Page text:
The Demand for Central Clearing: To Clear or Not to Clear, That Is the Question

56 Pages Posted: 2 Feb 2018 Last revised: 16 Apr 2019

See all articles by Mario Bellia

Mario Bellia

European Commission Joint Research Center - JRC-Ispra, European Commision; Goethe University Frankfurt - Research Center SAFE

Roberto Panzica

Goethe University Frankfurt - Research Center SAFE

Loriana Pelizzon

Goethe University Frankfurt - Faculty of Economics and Business Administration; Goethe University Frankfurt - Research Center SAFE; Ca Foscari University of Venice

Tuomas A. Peltonen

European Central Bank (ECB)

Date Written: June 15, 2018

Abstract

This paper is a first attempt at empirically analyzing whether post-crisis regulatory reforms developed by global-standard-setting bodies have created appropriate incentives to centrally clear Over-The-Counter (OTC) derivative contracts. We analyze three main drivers of the decision to clear: 1) the credit risk of the counterparty; 2) the characteristics of the contract; 3) the clearing member’s net exposure vis-a-vis the Central Counterparty Clearing House (CCP). We use confidential European trade repository data on single-name sovereign Credit Derivative Swap (CDS) transactions, and show that both the seller and the buyer manage counterparty’s exposures and capital costs, strategically choosing to clear when the counterparty is riskier. The riskiness of the underlying reference entity also enters the decision to clear as it affects both Counterparty Credit Risk (CCR) capital charges for OTC contracts and CCP margins for cleared contracts. We empirically investigate the trade-off between the two and find that the likelihood to clear is higher if the reference entity becomes more risky, but only for the riskier sovereign CDS in the sample, while for safer sovereign CDS the opposite is true. Our findings suggest that CCP margin savings considerations may be the main force behind the decision to clear for safer instruments while CCR exposures and capital charges may prevail for riskier ones. Lastly, we find some evidence that when the transaction helps reducing counterparty’s overall outstanding positions (and therefore margins) vis-a-vis the CCP, the likelihood to clear is higher. This result holds true as long as considerations such as CCR counterparty risk and wrong-way risk do not prevail.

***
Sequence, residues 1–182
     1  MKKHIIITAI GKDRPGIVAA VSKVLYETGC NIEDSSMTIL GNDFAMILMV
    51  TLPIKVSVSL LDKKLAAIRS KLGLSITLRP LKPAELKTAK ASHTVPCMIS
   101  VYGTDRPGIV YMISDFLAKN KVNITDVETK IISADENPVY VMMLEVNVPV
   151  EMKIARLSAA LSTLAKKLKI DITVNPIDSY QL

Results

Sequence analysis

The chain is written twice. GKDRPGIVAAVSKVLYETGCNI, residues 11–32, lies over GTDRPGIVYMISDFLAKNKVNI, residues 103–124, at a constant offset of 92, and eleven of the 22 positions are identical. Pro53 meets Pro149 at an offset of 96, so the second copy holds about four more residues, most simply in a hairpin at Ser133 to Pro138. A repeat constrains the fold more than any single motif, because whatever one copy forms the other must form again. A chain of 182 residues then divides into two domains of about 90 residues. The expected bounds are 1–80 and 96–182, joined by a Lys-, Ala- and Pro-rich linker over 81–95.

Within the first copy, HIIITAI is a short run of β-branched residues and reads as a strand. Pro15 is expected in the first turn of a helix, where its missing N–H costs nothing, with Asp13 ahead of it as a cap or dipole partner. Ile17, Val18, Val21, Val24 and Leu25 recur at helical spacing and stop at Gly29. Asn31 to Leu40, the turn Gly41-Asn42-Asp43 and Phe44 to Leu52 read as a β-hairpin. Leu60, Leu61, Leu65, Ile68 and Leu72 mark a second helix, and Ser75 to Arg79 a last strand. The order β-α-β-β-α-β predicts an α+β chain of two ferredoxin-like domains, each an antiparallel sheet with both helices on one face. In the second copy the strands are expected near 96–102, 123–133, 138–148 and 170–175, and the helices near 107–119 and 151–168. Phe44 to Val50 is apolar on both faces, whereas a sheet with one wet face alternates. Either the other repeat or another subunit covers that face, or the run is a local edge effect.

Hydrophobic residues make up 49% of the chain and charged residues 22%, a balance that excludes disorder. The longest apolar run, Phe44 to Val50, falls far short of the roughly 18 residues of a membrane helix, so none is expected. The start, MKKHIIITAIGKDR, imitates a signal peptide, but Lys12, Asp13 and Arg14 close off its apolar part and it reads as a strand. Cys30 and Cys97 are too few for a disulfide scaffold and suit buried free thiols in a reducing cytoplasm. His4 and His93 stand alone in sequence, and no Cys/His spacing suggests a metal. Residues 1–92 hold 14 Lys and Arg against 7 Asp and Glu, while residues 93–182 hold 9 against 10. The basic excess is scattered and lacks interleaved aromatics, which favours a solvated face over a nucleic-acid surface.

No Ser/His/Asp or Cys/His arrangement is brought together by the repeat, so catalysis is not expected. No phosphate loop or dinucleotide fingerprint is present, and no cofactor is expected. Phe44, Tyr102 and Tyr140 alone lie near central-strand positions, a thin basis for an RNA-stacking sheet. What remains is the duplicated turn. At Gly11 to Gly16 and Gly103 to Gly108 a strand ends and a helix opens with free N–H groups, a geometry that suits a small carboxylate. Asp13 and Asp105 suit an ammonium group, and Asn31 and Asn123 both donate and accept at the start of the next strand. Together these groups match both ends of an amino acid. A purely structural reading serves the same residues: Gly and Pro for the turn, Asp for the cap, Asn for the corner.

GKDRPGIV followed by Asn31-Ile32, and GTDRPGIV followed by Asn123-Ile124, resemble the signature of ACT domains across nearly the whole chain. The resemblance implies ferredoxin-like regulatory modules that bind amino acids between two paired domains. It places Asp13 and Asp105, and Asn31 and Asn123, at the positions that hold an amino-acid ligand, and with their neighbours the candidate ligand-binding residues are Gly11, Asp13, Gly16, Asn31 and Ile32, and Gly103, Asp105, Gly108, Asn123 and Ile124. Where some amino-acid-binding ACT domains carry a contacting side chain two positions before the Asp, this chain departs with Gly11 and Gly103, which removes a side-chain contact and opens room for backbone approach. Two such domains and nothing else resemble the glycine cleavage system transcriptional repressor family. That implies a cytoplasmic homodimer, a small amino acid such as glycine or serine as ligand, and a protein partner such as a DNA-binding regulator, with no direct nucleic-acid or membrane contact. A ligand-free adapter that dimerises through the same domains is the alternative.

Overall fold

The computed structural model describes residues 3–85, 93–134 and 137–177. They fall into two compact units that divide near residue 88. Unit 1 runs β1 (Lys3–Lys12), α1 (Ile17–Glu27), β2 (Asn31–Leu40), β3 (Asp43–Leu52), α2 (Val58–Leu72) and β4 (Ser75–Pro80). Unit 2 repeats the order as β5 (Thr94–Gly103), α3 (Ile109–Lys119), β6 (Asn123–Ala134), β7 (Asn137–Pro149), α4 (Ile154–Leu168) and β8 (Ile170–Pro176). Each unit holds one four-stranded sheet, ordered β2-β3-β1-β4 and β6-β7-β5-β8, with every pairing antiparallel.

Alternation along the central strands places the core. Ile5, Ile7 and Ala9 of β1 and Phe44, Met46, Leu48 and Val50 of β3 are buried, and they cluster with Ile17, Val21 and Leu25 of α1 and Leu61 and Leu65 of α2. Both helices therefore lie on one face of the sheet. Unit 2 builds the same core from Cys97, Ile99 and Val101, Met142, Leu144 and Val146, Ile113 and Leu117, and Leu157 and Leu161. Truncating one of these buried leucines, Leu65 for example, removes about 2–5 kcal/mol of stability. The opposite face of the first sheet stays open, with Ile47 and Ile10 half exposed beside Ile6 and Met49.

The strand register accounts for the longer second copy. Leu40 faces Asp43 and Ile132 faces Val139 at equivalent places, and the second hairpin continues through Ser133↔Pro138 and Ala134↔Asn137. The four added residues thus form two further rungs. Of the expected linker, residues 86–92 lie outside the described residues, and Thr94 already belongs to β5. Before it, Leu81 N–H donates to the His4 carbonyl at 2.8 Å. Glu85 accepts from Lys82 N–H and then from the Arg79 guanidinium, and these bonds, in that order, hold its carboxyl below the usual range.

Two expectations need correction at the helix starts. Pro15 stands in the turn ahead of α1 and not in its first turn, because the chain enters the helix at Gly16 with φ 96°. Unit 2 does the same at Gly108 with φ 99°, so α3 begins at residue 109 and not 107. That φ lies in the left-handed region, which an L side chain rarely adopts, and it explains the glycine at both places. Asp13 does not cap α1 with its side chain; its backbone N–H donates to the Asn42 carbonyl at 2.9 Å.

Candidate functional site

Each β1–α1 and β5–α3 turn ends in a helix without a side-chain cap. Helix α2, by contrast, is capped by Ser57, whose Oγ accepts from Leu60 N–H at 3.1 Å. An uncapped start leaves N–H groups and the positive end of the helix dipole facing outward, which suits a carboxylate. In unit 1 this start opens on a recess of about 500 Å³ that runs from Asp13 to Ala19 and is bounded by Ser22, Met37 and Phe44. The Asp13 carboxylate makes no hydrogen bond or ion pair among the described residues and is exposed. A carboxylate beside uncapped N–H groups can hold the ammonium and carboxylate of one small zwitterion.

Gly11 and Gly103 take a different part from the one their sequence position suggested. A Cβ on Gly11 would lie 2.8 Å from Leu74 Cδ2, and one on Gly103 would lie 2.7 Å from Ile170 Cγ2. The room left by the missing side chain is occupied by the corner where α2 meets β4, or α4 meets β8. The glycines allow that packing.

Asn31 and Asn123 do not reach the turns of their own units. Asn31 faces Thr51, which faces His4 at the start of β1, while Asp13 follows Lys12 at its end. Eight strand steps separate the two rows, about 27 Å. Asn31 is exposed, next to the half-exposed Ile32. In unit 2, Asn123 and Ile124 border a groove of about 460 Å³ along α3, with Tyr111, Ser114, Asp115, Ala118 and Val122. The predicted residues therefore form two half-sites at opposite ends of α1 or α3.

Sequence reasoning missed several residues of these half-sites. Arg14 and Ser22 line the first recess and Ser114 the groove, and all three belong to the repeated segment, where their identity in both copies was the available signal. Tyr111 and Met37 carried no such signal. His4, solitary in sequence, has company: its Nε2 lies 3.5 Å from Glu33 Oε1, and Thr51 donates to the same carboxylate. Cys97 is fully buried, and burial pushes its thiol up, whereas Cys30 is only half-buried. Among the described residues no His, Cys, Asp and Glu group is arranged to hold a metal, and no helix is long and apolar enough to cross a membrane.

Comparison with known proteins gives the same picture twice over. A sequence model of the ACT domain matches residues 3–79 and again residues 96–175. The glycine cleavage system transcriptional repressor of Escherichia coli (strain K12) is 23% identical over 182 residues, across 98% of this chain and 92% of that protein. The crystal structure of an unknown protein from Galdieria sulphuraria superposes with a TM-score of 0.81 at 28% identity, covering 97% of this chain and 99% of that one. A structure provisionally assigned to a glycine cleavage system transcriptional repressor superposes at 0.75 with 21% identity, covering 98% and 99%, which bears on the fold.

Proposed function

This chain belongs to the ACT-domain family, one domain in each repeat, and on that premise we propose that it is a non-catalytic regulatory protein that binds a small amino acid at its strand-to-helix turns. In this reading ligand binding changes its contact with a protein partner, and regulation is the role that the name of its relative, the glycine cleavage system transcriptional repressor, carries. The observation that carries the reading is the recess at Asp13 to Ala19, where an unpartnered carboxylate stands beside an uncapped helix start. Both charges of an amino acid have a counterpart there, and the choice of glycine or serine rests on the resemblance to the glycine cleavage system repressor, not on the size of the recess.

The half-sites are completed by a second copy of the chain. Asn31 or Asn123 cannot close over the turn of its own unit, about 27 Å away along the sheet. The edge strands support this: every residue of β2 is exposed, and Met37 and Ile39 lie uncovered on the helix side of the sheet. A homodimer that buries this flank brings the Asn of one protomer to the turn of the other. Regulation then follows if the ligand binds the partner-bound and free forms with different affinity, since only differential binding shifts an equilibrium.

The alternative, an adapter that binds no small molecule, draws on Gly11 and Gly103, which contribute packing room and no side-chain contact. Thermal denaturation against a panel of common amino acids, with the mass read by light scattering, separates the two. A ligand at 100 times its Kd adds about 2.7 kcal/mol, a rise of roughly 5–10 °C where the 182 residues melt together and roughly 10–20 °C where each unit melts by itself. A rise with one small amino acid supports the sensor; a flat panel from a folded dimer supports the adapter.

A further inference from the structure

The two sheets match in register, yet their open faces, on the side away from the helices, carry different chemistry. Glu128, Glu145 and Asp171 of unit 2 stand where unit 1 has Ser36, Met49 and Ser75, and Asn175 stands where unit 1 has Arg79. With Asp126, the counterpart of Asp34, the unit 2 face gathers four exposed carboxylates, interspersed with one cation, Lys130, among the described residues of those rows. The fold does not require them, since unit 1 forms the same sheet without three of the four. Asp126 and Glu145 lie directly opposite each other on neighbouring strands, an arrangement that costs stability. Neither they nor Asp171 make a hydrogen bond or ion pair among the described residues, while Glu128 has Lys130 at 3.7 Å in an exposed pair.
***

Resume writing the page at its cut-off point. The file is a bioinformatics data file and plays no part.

Keywords: Credit Default Swap (CDS), Central Counterparty Clearing House (CCP), European Market Infrastructure Regulation (EMIR), Sovereign

JEL Classification: G18, G28, G32

Suggested Citation

Bellia, Mario and Panzica, Roberto and Pelizzon, Loriana and Peltonen, Tuomas A., The Demand for Central Clearing: To Clear or Not to Clear, That Is the Question (June 15, 2018). SAFE Working Paper No. 193. Available at SSRN: https://ssrn.com/abstract=3116261 or http://dx.doi.org/10.2139/ssrn.3116261

Mario Bellia

European Commission Joint Research Center - JRC-Ispra, European Commision ( email )

Via Enrico Fermi 2749, Ispra, VA
Ispra (VA), 21027
Italy

Goethe University Frankfurt - Research Center SAFE ( email )

Frankfurt am Main
Germany

HOME PAGE: http://safe-frankfurt.de/

Roberto Panzica

Goethe University Frankfurt - Research Center SAFE ( email )

(http://www.safe-frankfurt.de)
Theodor-W.-Adorno-Platz 3
Frankfurt am Main, 60323
Germany

Loriana Pelizzon (Contact Author)

Goethe University Frankfurt - Faculty of Economics and Business Administration ( email )

Theodor-W.-Adorno-Platz 3
Frankfurt am Main, D-60323
Germany

Goethe University Frankfurt - Research Center SAFE ( email )

Theodor-W.-Adorno-Platz 3
Frankfurt am Main, 60323
Germany

HOME PAGE: http://www.safe-frankfurt.de

Ca Foscari University of Venice ( email )

Dorsoduro 3246
Venice, Veneto 30123
Italy

Tuomas A. Peltonen

European Central Bank (ECB) ( email )

Sonnemannstrasse 22
Frankfurt am Main, 60314
Germany

Register to save articles to
your library

Register

Paper statistics

Downloads
130
rank
213,227
Abstract Views
690
PlumX Metrics